About the sub-priorities: This would not change a thing as everyone would then just register its top prio as "super important". Its the same with the current system. Many "new" developers simply dont know what to register and overthink stuff. Meaning they think that this part is super important to handle first "its my plugin it has to get the event first".. something like that.

    But often this is not the case and it can easily be fixed with MONITOR priority which can be used to check the outcome and if something is critical like "i added a database entry in another event and this dependend event got cancelled" then he has to remove the entry by checking MONITOR.

    Conclusion: The developer has to think about their structure first, create a concept "what do i have to do on certain events" and react on that.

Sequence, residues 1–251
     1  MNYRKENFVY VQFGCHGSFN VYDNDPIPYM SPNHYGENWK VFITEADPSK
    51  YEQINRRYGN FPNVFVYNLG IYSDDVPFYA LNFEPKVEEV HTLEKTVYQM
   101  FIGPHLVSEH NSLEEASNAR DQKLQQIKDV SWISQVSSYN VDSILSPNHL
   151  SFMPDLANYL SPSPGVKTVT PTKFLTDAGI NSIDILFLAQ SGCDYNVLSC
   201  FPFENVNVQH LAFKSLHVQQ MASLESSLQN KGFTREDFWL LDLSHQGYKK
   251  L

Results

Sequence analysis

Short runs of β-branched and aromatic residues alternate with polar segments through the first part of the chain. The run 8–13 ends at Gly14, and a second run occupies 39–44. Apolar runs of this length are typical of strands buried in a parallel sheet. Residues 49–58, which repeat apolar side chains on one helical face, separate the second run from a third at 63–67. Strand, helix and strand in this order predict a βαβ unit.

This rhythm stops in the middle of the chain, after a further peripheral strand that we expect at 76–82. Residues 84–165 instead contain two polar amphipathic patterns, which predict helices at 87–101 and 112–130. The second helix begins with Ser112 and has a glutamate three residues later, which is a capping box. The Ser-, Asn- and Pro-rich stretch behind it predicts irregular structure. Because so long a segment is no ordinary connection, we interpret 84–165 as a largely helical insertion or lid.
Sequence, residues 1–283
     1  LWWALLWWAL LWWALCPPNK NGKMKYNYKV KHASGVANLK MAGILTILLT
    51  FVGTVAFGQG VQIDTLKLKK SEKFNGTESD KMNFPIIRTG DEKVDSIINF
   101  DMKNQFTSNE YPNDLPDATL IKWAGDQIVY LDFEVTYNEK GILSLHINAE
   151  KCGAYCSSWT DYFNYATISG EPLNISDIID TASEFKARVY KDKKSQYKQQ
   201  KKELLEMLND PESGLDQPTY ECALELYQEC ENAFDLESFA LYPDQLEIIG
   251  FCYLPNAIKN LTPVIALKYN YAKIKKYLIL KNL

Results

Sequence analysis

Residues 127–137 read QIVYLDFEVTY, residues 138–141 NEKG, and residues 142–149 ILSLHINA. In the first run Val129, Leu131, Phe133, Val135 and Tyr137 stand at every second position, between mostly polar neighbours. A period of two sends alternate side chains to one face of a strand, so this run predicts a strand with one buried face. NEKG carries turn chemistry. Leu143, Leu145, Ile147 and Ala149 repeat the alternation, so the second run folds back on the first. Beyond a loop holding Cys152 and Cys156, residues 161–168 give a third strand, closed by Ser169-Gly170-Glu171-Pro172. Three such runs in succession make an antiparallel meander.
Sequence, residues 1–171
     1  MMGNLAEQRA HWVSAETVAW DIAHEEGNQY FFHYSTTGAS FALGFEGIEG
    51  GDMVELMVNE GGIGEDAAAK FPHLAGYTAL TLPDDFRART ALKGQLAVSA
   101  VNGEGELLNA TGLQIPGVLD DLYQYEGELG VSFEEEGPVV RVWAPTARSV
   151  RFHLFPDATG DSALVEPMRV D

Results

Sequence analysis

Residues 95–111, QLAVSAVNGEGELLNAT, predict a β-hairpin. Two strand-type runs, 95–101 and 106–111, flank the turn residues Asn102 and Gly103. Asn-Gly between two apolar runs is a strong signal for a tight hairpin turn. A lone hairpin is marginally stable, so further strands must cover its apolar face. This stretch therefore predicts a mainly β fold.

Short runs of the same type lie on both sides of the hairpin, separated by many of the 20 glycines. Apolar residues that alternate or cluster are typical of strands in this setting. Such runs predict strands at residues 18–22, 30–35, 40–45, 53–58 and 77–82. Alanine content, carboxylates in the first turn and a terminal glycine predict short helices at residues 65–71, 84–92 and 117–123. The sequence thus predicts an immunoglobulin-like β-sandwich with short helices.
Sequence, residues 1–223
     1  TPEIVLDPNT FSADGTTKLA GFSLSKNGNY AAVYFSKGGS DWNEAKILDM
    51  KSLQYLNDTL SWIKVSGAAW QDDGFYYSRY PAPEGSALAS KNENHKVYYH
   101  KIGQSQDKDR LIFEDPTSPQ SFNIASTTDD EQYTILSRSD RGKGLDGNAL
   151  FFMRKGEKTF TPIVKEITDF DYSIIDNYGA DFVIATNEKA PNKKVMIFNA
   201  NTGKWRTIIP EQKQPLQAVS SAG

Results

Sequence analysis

Setting everything to HIGHER (as many do) doesn't do it.

    Edit: Plugin developers have to talk to each other and work together if there is a compatibility problem. This is a community project and not a one man show =)
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    I think the event system is fine as is for the time being. I don't know how much of the bukkit project will survive when the Minecraft API gets released, but I'm willing to bet that the new API will have an event system as well. For now the event system works. Are there some hiccups? You betcha, but most if not all of them are solved by the plugin authors working together to resolve those issues.

    As it is, I'm more interested in the Bukkit Team pushing compatibility updates then trying to implement a new event system that would probably break all existing plugins.

    Dinnerbone Care to chime in?

    EDIT by Moderator: merged posts, please use the edit button instead of double posting.